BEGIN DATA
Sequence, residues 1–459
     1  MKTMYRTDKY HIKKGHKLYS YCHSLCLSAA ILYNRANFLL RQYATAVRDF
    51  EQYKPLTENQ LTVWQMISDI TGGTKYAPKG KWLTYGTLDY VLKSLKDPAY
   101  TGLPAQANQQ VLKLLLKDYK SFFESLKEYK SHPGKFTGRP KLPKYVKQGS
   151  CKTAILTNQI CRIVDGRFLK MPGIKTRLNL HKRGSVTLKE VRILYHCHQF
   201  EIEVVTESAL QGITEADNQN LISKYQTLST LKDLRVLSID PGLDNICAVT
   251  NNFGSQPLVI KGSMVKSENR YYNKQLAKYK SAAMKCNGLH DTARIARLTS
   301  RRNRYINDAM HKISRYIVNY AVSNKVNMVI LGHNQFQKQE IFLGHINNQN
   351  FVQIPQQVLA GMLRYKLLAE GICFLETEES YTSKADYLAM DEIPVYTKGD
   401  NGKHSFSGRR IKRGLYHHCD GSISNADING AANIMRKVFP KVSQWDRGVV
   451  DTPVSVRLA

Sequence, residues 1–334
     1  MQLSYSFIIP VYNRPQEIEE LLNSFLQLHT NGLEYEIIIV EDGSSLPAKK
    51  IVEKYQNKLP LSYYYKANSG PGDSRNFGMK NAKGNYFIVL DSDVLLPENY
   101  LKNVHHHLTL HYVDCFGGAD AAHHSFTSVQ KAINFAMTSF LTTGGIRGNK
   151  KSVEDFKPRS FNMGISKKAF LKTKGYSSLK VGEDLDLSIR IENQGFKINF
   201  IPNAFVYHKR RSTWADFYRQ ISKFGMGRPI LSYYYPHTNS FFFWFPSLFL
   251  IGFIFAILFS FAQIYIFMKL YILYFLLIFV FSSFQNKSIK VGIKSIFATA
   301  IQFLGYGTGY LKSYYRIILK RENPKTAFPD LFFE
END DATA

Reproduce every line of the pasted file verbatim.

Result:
Sequence, residues 1–459
     1  MKTMYRTDKY HIKKGHKLYS YCHSLCLSAA ILYNRANFLL RQYATAVRDF
    51  EQYKPLTENQ LTVWQMISDI TGGTKYAPKG KWLTYGTLDY VLKSLKDPAY
   101  TGLPAQANQQ VLKLLLKDYK SFFESLKEYK SHPGKFTGRP KLPKYVKQGS
   151  CKTAILTNQI CRIVDGRFLK MPGIKTRLNL HKRGSVTLKE VRILYHCHQF
   201  EIEVVTESAL QGITEADNQN LISKYQTLST LKDLRVLSID PGLDNICAVT
   251  NNFGSQPLVI KGSMVKSENR YYNKQLAKYK SAAMKCNGLH DTARIARLTS
   301  RRNRYINDAM HKISRYIVNY AVSNKVNMVI LGHNQFQKQE IFLGHINNQN
   351  FVQIPQQVLA GMLRYKLLAE GICFLETEES YTSKADYLAM DEIPVYTKGD
   401  NGKHSFSGRR IKRGLYHHCD GSISNADING AANIMRKVFP KVSQWDRGVV
   451  DTPVSVRLA

Sequence, residues 1–334
     1  MQLSYSFIIP VYNRPQEIEE LLNSFLQLHT NGLEYEIIIV EDGSSLPAKK
    51  IVEKYQNKLP LSYYYKANSG PGDSRNFGMK NAKGNYFIVL DSDVLLPENY
   101  LKNVHHHLTL HYVDCFGGAD AAHHSFTSVQ KAINFAMTSF LTTGGIRGNK
   151  KSVEDFKPRS FNMGISKKAF LKTKGYSSLK VGEDLDLSIR IENQGFKINF
   201  IPNAFVYHKR RSTWADFYRQ ISKFGMGRPI LSYYYPHTNS FFFWFPSLFL
   251  IGFIFAILFS FAQIYIFMKL YILYFLLIFV FSSFQNKSIK VGIKSIFATA
   301  IQFLGYGTGY LKSYYRIILK RENPKTAFPD LFFE